What’s it about?
When a young mother is found drowned in the bath, clutching a receipt saying ‘all debts paid’, Detective Robyn Carter knows it’s just the beginning of a harrowing case. She recognises the signs of a serial killer, and a second victim with a receipt confirms her worst fears.
There are no witnesses. The victims had no debts. With the body count rising and the local press whipping the public into a frenzy, Robyn is under pressure to solve the crime in record time. But her team can’t find a link between the victims, and the cracks are starting to show.
Just when her leads have dried up, Robyn discovers photographs in two of the victims’ houses, which she thinks could unlock the case. But as she hones in on the killer’s shocking motive, one of her own is put in terrible danger.
Can Robyn stop the most twisted killer of her career before it’s too late?
Little Girl Lost was Carol Wyer’s first attempt at writing in another genre, if I can even call it that. I didn’t know this so when I read Little Girl Lost I actually thought she’d been a thriller writer for ages, I really was so blown away with her debut thriller. I’ve taken a big liking to DI Carter, her team and the complex case she tackled then and I’m thrilled to report that the sequel keeps up the same high standards as her first novel. I am one very satisfied reader for the second time.
The first strangeness ripples through the pages when a manager of the Bronwin Hall spa hotel is found in a sauna, burnt to a crisp. Did he die of a heart attack as reported by the police, or not? A family friend is convinced he wouldn’t go into a sauna of his own volition and DI Carter agrees when she’s heard all of her arguments. She sends her cousin Ross, a private investigator, to investigate further. A few days later, a bar owner is found with a bizarre note on him and her attention is focused on solving this case. She discovers the smallest detail about the bar owner that could tie the two victims together though, even if they don’t seem to have anything other in common; there was no note on the first victim after all and the body of the manager showed no wounds at all. What’s more, he was caught on camera going into the sauna.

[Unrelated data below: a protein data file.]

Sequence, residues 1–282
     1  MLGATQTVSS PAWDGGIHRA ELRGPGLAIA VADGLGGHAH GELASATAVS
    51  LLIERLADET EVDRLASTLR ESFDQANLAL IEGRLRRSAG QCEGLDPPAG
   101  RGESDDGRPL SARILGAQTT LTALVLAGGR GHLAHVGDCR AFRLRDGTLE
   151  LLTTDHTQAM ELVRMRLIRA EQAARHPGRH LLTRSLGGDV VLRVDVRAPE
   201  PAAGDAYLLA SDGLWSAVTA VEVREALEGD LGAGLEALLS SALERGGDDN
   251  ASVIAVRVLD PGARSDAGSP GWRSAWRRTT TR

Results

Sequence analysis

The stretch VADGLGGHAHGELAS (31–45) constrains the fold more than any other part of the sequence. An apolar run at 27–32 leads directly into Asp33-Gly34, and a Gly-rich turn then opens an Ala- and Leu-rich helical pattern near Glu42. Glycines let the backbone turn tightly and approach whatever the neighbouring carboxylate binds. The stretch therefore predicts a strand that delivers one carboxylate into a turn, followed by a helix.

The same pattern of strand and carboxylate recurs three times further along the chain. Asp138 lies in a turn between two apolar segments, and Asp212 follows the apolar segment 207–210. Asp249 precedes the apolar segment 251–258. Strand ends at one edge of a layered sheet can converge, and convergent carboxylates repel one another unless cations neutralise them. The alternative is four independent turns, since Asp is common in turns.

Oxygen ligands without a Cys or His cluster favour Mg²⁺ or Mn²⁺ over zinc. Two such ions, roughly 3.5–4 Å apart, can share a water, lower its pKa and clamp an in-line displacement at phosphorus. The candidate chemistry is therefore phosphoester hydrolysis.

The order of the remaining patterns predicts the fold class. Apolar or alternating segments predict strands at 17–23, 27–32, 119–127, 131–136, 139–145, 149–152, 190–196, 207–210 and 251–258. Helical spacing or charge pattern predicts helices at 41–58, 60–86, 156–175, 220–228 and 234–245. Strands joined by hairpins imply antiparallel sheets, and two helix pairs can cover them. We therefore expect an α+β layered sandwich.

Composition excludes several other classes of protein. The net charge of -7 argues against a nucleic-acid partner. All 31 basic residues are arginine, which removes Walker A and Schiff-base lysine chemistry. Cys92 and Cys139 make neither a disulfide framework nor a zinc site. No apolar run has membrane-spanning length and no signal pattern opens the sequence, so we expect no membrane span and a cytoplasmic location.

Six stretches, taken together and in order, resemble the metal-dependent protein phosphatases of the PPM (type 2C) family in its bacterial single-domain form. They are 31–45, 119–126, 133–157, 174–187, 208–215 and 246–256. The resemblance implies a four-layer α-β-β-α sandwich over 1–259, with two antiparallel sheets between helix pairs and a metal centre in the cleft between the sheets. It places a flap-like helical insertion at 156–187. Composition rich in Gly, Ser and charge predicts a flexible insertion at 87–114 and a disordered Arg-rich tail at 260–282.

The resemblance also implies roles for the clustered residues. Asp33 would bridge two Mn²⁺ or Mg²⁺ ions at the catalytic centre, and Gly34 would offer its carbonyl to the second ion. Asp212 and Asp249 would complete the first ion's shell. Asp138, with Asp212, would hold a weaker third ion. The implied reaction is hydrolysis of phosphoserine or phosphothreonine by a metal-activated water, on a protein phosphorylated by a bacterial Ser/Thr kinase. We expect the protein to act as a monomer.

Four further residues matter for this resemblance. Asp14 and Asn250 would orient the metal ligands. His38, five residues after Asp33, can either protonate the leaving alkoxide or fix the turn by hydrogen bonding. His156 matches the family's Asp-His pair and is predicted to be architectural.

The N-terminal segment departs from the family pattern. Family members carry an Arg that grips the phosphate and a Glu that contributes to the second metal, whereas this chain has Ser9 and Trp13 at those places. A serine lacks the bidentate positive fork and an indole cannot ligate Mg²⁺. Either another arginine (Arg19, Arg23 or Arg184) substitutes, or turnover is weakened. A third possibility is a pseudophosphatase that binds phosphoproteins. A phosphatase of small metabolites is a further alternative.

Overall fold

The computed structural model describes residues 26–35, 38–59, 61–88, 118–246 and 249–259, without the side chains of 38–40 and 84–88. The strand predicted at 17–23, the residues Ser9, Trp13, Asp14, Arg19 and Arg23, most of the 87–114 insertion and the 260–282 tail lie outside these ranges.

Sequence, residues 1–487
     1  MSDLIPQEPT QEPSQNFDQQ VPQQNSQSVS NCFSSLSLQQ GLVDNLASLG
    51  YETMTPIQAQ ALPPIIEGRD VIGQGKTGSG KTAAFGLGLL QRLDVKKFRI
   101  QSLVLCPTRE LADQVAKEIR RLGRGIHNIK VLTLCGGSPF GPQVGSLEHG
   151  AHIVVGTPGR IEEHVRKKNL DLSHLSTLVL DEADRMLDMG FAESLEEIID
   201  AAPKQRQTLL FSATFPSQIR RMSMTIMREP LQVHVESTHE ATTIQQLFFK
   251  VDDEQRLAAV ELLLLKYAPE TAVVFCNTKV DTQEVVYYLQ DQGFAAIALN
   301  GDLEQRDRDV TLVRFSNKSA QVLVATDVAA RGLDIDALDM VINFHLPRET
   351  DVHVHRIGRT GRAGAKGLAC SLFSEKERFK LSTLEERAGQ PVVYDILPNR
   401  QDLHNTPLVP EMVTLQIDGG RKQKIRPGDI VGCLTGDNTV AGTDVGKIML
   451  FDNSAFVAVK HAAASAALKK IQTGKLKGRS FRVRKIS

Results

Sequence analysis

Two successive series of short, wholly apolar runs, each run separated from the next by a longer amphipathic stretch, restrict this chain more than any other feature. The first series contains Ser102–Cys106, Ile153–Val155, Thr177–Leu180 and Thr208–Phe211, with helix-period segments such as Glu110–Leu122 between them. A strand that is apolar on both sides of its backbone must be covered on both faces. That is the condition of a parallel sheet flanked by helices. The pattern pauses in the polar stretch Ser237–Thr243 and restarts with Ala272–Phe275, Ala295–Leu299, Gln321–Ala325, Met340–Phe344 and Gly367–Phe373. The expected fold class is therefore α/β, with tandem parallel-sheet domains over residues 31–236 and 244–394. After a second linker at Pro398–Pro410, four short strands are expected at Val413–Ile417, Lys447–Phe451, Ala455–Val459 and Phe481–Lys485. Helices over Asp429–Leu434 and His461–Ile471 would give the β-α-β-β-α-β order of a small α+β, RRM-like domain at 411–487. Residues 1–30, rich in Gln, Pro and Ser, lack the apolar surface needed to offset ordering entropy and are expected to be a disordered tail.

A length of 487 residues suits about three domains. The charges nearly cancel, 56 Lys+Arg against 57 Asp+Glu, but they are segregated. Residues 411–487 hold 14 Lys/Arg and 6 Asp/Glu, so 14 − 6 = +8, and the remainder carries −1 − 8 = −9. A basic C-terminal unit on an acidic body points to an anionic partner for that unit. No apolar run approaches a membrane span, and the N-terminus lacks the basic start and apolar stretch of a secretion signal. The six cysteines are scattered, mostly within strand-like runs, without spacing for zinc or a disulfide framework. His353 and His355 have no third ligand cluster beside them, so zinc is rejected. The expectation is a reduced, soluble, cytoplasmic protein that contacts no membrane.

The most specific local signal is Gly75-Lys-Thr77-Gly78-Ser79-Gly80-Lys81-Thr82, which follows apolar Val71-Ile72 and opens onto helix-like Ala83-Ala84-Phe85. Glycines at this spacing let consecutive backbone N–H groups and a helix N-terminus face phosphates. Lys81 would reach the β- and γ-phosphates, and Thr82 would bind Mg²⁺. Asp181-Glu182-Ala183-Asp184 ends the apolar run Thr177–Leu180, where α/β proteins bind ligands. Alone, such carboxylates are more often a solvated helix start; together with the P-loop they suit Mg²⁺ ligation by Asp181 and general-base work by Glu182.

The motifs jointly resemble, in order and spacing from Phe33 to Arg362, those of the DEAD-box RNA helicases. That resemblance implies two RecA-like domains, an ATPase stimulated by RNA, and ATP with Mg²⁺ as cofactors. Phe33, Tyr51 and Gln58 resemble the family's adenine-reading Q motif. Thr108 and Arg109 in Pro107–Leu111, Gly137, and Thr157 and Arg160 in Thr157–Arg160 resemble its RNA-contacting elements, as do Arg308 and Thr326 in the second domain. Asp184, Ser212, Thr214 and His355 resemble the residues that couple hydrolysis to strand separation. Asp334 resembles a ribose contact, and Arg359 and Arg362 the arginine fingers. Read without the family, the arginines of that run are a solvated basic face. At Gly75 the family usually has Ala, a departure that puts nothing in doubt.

I’m not going to say any more than that Carol Wyer has the amazing capacity to think up yet another excellent plotline that’s keeping the reader on its toes again. She’s great at launching a thread, then leaving it to rest for a bit, keeping the reader more than occupied with something that is very attention-grabbing, only to get back to it later on, with the most perfect timing. I loved the whole idea of the calling card left behind by the killer, which was a great way to speculate about who was next and how many there were still to come. I also enjoyed the fact that I really got to know the victims, even if it crushed me every time one of them was killed off. That brief personal connection is what really makes it all the more engaging. There was one person in particular, who I cared and sympathised with right from the start and while his plotline kept returning, I realised there was a big chance he could be next 😉 which made me a bit sad already.
All along the investigation the reader is rewarded with snippets of the killer’s past. Even though his youth was one of bullying and torture, I never sympathised with him at any given time. I found a clue in his past when he relays certain events that happened to him and figured out who DI Carter was after but I’m sure many readers will still be surprised.
The killer’s mind in this novel is quite simple and he’s just a disturbed and weird individual, so even though I did really liked this one I still like the first novel just that eetsy little bit more.
I received a free copy of this novel from the publisher Bookouture via Netgalley in exchange for my honest opinion.